Seek out “good bacteria.” Probiotics—supplements containing live bacteria –can boost the immune system in the gut, making it less likely to set off an inflammatory response, says Lausier.  Look for a supplement that provides at least 10 billion units per day, she says. It can be in pill form or added to a food.

Take your vitamins.  Several vitamins that support your immune system and help control inflammation are especially important for people with asthma. They include Vitamins C, D, and E. Most people already get enough C and E in their daily diet, says Lausier, but Vitamin D deficiency is quite common. You can ask your doctor to perform a simple blood test to check your “D” level and recommend an appropriate dose.

Vitamin D could be an essential element of relieving asthma symptoms. A 2017 study from the Lancet identified eight randomized controlled trials with a total of 1078 participants measuring the effect on oral vitamin D supplementation and asthmatic symptoms. It was seen that supplementation reduced the need for treatment for exacerbation of symptoms (flare-ups) with corticosteroids by at least 50% in all of the studies. 

 Adding a fish oil supplement may show improvement in asthmatic patients who have inflammation in their airways. However, there is not enough evidence according to a 2018 study from American Thoracic Society reviewing the symptoms of obese patients with uncotrolled asthma. This study analyzed 98 patients age 12 to 25 by providing them with a 4 grams per day fish oil supplement or a soy oil control for 24 weeks. Fourteen percent showed improvement, meaning there was not strong enough evidence to support fish oil for asthmatic symptoms. However, there are promising studies being conducted now implying there is a benefit of fish oil when combined with regular asthma treatment. 

Keep your nasal passages clear. If you feel stuffed up, try using a neti pot or saline spray to clear your nasal passages. This will reduce strain on your airways by helping you breathe easier—and also cut down on postnasal drip, which can trigger attacks, says Lausier.  If you use a neti pot, be careful to sterilize the water and follow manufacturer’s directions carefully. You may prefer a sterile, over-the-counter nasal saline spray.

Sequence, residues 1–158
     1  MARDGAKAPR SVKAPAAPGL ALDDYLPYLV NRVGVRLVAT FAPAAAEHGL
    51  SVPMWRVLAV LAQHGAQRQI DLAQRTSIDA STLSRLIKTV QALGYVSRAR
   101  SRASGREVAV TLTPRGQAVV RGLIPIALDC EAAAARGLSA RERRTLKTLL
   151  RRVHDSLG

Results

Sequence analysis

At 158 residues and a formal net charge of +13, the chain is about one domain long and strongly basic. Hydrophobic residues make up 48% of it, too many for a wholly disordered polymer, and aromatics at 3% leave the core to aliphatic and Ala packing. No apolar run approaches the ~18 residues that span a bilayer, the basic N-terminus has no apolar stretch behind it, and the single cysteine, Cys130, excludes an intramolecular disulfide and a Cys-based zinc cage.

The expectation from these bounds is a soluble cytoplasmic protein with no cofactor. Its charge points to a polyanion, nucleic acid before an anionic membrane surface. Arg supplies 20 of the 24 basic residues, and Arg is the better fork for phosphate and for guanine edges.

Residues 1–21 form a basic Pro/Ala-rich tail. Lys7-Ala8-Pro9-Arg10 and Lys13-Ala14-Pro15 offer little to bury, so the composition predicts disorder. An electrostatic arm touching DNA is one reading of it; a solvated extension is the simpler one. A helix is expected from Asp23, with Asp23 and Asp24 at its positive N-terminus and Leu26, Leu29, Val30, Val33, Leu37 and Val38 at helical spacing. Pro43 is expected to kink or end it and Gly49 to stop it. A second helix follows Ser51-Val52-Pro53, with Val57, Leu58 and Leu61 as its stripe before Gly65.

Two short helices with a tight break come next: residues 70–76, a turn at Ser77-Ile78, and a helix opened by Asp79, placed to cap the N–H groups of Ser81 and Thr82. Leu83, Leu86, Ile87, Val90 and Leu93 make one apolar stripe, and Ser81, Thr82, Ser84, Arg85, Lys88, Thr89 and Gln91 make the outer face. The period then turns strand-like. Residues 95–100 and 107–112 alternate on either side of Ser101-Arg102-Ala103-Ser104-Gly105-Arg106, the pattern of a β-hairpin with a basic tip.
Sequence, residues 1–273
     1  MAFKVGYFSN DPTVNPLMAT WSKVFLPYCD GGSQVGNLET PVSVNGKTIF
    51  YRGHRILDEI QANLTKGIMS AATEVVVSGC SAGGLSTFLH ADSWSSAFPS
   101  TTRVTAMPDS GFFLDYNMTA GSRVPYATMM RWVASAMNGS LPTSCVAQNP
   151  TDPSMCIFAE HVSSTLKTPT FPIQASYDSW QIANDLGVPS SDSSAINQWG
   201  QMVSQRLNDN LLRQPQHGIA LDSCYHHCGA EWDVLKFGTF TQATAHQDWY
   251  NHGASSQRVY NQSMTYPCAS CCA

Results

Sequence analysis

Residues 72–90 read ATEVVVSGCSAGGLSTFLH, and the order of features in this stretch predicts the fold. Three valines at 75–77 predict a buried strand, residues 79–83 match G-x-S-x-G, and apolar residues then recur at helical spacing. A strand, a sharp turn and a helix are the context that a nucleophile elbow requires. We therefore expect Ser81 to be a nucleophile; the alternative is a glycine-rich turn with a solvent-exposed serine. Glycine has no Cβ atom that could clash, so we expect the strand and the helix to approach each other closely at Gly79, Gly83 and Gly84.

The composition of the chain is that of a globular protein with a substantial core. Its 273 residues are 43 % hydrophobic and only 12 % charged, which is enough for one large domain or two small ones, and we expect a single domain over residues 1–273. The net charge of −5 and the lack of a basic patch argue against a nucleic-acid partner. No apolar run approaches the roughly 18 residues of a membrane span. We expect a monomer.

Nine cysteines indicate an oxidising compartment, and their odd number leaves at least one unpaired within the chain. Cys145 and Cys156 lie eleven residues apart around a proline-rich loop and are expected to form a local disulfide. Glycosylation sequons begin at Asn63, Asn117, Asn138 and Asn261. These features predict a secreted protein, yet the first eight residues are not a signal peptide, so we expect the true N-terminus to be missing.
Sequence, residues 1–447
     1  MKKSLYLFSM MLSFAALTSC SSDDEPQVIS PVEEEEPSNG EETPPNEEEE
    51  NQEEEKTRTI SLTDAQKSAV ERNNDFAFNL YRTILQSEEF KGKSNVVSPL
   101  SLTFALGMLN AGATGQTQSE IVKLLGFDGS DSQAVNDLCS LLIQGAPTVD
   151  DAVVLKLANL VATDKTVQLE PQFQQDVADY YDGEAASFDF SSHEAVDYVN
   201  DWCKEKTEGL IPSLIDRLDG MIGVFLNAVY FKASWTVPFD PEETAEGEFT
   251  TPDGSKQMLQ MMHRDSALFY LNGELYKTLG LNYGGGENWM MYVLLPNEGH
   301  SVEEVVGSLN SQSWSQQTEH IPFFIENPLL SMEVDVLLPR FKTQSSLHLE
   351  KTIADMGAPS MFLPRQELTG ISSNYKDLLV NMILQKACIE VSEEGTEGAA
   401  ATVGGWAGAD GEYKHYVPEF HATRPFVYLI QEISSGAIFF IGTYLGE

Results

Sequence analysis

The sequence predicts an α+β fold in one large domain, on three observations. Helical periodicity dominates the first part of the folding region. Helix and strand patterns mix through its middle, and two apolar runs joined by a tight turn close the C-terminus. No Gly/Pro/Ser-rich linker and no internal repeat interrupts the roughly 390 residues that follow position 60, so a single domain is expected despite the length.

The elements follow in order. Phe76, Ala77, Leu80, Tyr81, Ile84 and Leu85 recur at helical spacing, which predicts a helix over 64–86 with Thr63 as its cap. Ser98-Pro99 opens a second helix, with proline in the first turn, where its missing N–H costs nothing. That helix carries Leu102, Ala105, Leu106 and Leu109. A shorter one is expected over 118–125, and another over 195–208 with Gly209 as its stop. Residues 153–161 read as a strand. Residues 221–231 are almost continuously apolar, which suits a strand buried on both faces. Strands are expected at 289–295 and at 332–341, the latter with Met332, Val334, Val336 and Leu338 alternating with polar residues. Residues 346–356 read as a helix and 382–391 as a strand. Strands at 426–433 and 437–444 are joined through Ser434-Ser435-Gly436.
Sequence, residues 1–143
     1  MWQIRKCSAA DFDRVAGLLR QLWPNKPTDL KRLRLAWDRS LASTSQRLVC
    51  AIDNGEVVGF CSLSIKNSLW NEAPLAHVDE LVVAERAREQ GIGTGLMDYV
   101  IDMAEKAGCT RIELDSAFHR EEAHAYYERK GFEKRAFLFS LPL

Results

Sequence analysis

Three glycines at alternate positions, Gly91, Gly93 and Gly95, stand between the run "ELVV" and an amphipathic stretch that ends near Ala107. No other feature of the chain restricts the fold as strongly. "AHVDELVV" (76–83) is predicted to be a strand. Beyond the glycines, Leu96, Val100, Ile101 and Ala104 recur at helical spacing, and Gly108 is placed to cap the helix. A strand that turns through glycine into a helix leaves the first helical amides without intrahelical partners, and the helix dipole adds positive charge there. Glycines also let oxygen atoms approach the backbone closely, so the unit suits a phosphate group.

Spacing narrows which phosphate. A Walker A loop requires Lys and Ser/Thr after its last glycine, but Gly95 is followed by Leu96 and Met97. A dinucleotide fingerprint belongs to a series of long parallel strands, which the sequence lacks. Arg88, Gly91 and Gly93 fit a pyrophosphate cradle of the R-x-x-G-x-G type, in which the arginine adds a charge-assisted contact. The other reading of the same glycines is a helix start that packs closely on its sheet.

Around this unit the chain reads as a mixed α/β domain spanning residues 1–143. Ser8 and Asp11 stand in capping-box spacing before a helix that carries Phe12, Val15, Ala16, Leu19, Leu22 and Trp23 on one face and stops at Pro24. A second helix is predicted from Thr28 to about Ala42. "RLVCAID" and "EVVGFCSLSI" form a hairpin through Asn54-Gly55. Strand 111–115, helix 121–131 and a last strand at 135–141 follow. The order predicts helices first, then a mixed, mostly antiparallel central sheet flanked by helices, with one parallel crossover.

Breathe steady. There is some evidence that breathing techniques can help with symptoms of asthma, such as hyperventilation or “dysfunctional breathing”. A 2017 meta analysis reviewed 329 articles including randomized controlled trials as well as uncontrolled trials used to observe the effects of breathing techniques on asthma and dysfunctional breathing. Many studies have noted that breathing methods such as the Buteyko Breathing Technique could help relieve symptoms and bring breathing back to normal. You can find out more about Buteyko from the Buteyko Institute. You can also look for a pranayama instructor in your area. Or, simply download a smartphone app to walk you through the steps. They are available for Android or iPhone.

Pregnancy and asthma. Because asthma restricts breathing which in turn could limit the oxygen getting to the fetus, asthma should be controlled before getting pregnant, if possible. According to the Asthma and Allergy Foundation of America, pregnancy alleviates asthma 30% of the time, increases the symptoms 30% of the time and the last third see no changes in asthma during pregnancy. It’s unclear if asthma itself can cause a birth defect, but it’s likely to be very low.

Asthma medicine in general is considered safe during pregnancy and breastfeeding, but to minimize risk to the fetus as much as possible many mothers try to stay with fast acting inhalers and inhaled corticosteroids, if effective for the mother. The inhaled medications are absorbed into the body in lower amounts than oral medicines so less should get through to the fetus. Be sure to consult with your health care advisor.

Many asthma sufferers rely on these lifestyle changes to help control their symptoms and avoid common allergy triggers.


Ellen Wlody

Ellen Wlody

Ellen Wlody is a writer who specializes in health and parenting topics. She lives in upstate New York with her husband, children, and two dogs.